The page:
at a depth of 18 mm (the geometric focus of the 15-MHz transducer), and maximum imaging depth was set to 22 mm. The images were 17 mm wide in the lateral direction with 16 A-lines per millimeter. Five independent image sets were acquired for each of the 5 programmed flow rates. In the ex vivo experiment, a 21-MHz linear array transducer was used with transmit power set to 5%. Images were collected at 25 frames per second, with the center of the catheter positioned at a depth of 15 mm (the geometric focus of the 21-MHz transducer) and maximum imaging depth set to 30

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Damon DePaoli, Laurent Goetz, Dave Gagnon, Gabriel Maranon, Michel Prud’homme, Léo Cantin, Martin Parent, and Daniel C. Côté

used in other research protocols wherein the head and neuroanatomy of the specimen were unaltered; the surgery was performed on these heads within 24 hours of euthanasia. For both the in vivo and ex vivo experiments, the heads were placed in a custom-designed stereotactic apparatus that allowed for pre-, intra, and postoperative radiography. After craniotomy, a radiopaque solution (2 × 0.4 mL of a 65% iohexol solution, Omnipaque, GE Healthcare) was injected through a microsyringe into the right lateral ventricle for ventriculography. Lateral and frontal radiographs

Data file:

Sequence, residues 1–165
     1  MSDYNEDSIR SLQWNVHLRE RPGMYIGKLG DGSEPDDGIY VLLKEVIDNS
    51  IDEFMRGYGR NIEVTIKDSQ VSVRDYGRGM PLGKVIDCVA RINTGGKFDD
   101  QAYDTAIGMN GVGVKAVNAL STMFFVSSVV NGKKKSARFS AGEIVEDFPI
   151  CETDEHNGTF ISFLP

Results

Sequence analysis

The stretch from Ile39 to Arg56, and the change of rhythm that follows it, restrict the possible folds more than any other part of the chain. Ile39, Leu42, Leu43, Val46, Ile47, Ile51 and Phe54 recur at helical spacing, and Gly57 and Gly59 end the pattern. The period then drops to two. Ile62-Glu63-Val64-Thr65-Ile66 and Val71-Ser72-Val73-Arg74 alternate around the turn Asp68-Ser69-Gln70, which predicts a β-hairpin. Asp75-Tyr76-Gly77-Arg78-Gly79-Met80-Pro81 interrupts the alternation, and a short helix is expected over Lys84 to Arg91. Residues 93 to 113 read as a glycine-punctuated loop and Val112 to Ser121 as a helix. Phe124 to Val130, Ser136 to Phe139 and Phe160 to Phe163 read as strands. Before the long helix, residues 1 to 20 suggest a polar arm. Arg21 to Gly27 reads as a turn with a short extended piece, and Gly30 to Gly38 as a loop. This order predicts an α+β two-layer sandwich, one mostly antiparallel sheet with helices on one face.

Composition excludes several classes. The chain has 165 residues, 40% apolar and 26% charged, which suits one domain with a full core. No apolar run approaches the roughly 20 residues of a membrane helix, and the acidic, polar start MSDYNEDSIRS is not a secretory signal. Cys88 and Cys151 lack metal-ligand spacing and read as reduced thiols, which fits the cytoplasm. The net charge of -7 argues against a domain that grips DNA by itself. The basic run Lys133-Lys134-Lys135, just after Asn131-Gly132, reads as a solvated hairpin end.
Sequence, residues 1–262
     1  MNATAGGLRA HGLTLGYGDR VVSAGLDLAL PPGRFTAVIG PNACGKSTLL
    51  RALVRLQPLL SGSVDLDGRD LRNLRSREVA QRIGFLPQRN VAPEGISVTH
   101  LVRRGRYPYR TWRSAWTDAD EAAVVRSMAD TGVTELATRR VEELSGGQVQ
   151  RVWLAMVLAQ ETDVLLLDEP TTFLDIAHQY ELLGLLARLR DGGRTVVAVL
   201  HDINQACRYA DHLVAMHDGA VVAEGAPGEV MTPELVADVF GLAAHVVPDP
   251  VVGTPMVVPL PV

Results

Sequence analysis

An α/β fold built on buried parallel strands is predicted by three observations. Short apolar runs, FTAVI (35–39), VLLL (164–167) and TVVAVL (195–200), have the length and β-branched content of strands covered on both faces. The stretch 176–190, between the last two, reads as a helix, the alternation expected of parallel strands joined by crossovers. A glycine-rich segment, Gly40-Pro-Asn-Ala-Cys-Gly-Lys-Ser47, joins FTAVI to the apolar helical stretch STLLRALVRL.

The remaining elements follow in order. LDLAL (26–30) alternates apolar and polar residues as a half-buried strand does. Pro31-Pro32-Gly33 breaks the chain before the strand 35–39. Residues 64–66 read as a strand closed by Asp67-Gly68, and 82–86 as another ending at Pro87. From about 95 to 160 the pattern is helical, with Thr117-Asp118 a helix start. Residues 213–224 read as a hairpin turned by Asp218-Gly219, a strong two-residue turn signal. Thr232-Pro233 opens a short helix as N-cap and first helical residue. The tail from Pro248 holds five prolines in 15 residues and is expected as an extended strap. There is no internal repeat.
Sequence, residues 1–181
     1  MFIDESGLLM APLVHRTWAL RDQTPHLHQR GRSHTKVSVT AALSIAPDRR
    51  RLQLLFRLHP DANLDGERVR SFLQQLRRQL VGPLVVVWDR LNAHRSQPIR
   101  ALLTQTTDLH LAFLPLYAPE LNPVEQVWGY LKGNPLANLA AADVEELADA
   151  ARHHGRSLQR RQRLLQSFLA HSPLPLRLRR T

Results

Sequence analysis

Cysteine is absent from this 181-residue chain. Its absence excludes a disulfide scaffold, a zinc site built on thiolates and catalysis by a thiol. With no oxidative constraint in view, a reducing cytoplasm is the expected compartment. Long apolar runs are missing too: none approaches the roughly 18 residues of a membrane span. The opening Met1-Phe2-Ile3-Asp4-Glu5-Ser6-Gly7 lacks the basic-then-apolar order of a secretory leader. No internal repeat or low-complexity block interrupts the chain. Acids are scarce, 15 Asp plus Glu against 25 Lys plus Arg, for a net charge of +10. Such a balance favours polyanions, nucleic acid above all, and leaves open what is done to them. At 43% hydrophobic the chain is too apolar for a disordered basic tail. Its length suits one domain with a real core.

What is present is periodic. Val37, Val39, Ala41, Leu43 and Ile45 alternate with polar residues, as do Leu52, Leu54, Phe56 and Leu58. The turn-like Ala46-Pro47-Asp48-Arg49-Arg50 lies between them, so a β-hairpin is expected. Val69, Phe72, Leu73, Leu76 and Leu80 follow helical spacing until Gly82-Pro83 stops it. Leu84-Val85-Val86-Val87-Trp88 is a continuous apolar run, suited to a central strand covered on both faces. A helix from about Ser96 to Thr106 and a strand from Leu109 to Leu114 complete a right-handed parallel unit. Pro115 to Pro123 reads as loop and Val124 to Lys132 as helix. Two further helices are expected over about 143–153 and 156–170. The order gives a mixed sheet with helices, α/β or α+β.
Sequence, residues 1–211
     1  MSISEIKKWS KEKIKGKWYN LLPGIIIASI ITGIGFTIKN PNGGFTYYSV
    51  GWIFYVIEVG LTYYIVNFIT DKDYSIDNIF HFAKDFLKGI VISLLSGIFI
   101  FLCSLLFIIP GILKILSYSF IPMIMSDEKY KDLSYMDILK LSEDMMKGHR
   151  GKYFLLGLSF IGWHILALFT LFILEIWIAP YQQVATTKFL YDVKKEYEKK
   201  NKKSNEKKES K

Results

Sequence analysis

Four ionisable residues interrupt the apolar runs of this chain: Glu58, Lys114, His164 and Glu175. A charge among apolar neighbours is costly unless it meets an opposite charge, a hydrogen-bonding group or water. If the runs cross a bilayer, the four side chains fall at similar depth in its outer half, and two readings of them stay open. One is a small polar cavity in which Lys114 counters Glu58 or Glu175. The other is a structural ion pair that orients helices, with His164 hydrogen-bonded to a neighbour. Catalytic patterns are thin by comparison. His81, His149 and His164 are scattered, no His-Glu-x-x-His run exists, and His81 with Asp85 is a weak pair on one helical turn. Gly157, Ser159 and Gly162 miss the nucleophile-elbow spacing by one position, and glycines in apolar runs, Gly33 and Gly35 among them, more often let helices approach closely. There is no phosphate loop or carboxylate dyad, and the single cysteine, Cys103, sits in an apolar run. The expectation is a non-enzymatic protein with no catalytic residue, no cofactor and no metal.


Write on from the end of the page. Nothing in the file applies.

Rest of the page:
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Thomas L. Ellis, Paulo A. Garcia, John H. Rossmeisl Jr., Natalia Henao-Guerrero, John Robertson, and Rafael V. Davalos

configuration between the energized and grounded electrodes. Values for each dog are given in Table 1 . The voltage and pulse parameters were determined from the literature and from ex vivo experiments on canine brain. 1 , 15 , 29 , 39 Using these parameters, the charge delivered during this study was typical of that used in humans during electroconvulsive therapy. 26 Dogs 1, 2, and 3 were treated with 1600, 1000, and 500 V, respectively, to assess whether lower voltages could still produce neuronal ablation. TABLE 1: Pulse parameters used in NTIRE brain treatment

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Patrick C. Reid, Simon Morr, and Michael G. Kaiser

, 83 Interbody Device Materials Interbody device materials vary. Metals include titanium, stainless steel, and cobalt chromium. Plastics include polyetheretherketone (PEEK) and carbon fiber, and carbon fiber–reinforced PEEK (CFRP). All solid metal implants have an elastic modulus that is more than 13 times as strong as cancellous bone. PEEK is closest to cancellous bone, and CFRP is closest to cortical bone. 102 Microscopic titanium surface roughness increases osteogenic cell differentiation factors in ex vivo experiments. Nanometric roughening of the titanium